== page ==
Bayern Munich chairman Karl-Heinz Rummenigge has fired his latest shot in the ongoing discussions surrounding the value of broadcast rights for German club football by urging the German Football League (DFL) to secure better agreements from its next set of contracts.
A tender for the next cycle of Bundesliga rights, from 2017-18 to 2020-21, is expected to be opened by the middle of 2016. Rummenigge (pictured) has been a vocal figure in calls for an overhaul in the Bundesliga’s broadcast rights model and a change in the method of revenue distribution for the top division of German football.
He continued this drive at Bayern’s annual general meeting on Friday evening, calling on the DFL to ensure better rights deals if Bundesliga clubs are to remain competitive against English Premier League teams fuelled by revenues from the competition’s next set of broadcast contracts. “That means transfer sums and salaries will rise sharply in the coming years,” Rummenigge said. “The Bundesliga will feel it and Bayern too. We are already feeling it.”
In April 2012, pay-television broadcaster Sky Deutschland held off competition from telco Deutsche Telekom to acquire the key pay-television and mobile rights packages to the Bundesliga from 2013-14 to 2016-17.
Sky acquired all live pay-television rights packages, including the IPTV rights which Telekom held in the previous cycle. Sky also acquired the mobile rights which Telekom had held. The annual German figure of about €800m ($848m) for television rights is a fraction of the revenue influx EPL clubs will enjoy from the league’s new deal.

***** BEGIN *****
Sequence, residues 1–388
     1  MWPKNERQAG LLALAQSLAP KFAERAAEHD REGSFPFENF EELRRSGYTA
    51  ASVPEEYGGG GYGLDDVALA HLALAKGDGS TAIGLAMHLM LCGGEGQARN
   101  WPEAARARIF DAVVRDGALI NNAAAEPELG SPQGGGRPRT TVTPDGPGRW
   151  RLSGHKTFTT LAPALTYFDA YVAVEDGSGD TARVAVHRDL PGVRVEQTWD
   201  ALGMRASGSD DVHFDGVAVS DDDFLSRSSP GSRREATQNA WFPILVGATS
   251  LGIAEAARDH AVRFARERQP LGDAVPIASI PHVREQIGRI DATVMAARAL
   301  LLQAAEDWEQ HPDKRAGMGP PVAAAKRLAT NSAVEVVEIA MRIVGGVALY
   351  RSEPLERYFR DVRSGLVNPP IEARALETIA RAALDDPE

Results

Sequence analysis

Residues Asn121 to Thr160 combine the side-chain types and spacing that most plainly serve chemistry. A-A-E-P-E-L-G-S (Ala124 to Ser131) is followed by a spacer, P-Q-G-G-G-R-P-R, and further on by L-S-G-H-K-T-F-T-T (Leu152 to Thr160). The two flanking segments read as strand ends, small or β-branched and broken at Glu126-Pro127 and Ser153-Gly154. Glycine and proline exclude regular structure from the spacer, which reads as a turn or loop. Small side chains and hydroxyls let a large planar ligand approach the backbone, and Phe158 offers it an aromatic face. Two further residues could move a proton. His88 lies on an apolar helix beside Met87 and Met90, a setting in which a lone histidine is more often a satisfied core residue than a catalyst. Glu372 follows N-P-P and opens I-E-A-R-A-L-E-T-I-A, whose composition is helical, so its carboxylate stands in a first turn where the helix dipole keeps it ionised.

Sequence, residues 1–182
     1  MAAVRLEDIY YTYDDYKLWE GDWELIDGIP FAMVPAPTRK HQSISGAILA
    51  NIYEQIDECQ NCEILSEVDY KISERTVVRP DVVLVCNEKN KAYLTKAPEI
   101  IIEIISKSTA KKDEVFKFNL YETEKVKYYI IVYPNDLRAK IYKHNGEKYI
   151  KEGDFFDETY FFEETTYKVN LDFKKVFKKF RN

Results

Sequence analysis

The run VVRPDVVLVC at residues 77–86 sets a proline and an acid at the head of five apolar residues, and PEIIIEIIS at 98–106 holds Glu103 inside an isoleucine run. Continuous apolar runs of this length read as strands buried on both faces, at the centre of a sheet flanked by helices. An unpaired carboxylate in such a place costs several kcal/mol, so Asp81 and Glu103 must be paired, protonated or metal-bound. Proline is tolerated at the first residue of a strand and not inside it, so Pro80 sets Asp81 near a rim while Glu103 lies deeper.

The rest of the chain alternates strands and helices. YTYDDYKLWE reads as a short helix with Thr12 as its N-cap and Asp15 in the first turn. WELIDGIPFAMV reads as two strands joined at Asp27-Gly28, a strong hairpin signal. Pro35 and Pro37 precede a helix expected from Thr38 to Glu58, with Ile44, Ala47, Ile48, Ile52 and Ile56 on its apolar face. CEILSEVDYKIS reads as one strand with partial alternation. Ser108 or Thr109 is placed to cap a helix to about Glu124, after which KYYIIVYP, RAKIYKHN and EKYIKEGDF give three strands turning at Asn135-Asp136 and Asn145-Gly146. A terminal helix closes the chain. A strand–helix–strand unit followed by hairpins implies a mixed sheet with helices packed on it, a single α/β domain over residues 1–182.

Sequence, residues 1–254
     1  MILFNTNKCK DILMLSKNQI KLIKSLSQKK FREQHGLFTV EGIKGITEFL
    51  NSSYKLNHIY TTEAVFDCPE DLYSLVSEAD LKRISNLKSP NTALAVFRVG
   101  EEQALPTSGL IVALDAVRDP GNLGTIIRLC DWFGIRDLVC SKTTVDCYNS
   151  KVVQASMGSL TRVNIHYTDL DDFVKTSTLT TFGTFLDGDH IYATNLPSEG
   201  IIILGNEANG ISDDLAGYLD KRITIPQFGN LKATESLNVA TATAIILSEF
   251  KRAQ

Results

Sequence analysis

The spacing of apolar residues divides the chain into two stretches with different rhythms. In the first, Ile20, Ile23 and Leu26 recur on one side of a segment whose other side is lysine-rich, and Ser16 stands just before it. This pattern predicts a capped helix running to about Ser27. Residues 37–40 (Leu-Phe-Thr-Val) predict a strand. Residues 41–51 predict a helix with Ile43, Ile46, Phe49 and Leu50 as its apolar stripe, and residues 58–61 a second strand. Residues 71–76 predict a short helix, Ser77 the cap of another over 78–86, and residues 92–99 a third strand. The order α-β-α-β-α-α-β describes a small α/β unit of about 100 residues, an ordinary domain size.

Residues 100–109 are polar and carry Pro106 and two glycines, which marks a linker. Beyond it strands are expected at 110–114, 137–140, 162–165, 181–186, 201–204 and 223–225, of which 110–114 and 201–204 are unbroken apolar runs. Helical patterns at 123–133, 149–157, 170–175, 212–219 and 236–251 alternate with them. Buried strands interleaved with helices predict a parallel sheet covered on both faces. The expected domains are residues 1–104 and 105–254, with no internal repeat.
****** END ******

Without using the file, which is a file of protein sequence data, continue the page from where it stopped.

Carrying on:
UK pay-television broadcaster Sky will pay an increase of more than 80 per cent in its rights fee over the EPL’s next three-year cycle, from 2016-17 to 2018-19, committing a total of £4.176bn (€5.96bn/$6.32bn) over the cycle for 126 matches per year through five packages. Pay-television broadcaster BT Sport will pay an average of £320m per year for 42 games in the other two packages.
Rummenigge, who has previously stated Bundesliga rights would be better distributed amongst multiple providers, added: “Bayern has its price, I can assure you a very high price, and there are reasons for that. I am not prepared to accept that Bayern is in 26th place (in annual television rights revenues in Europe). This cannot be our aim. I call on the DFL to urgently increase revenues… for clubs to remain competitive internationally.”
Rummenigge said Bayern will receive €73m in television rights for the current 2015-16 season compared with Manchester United’s €210m.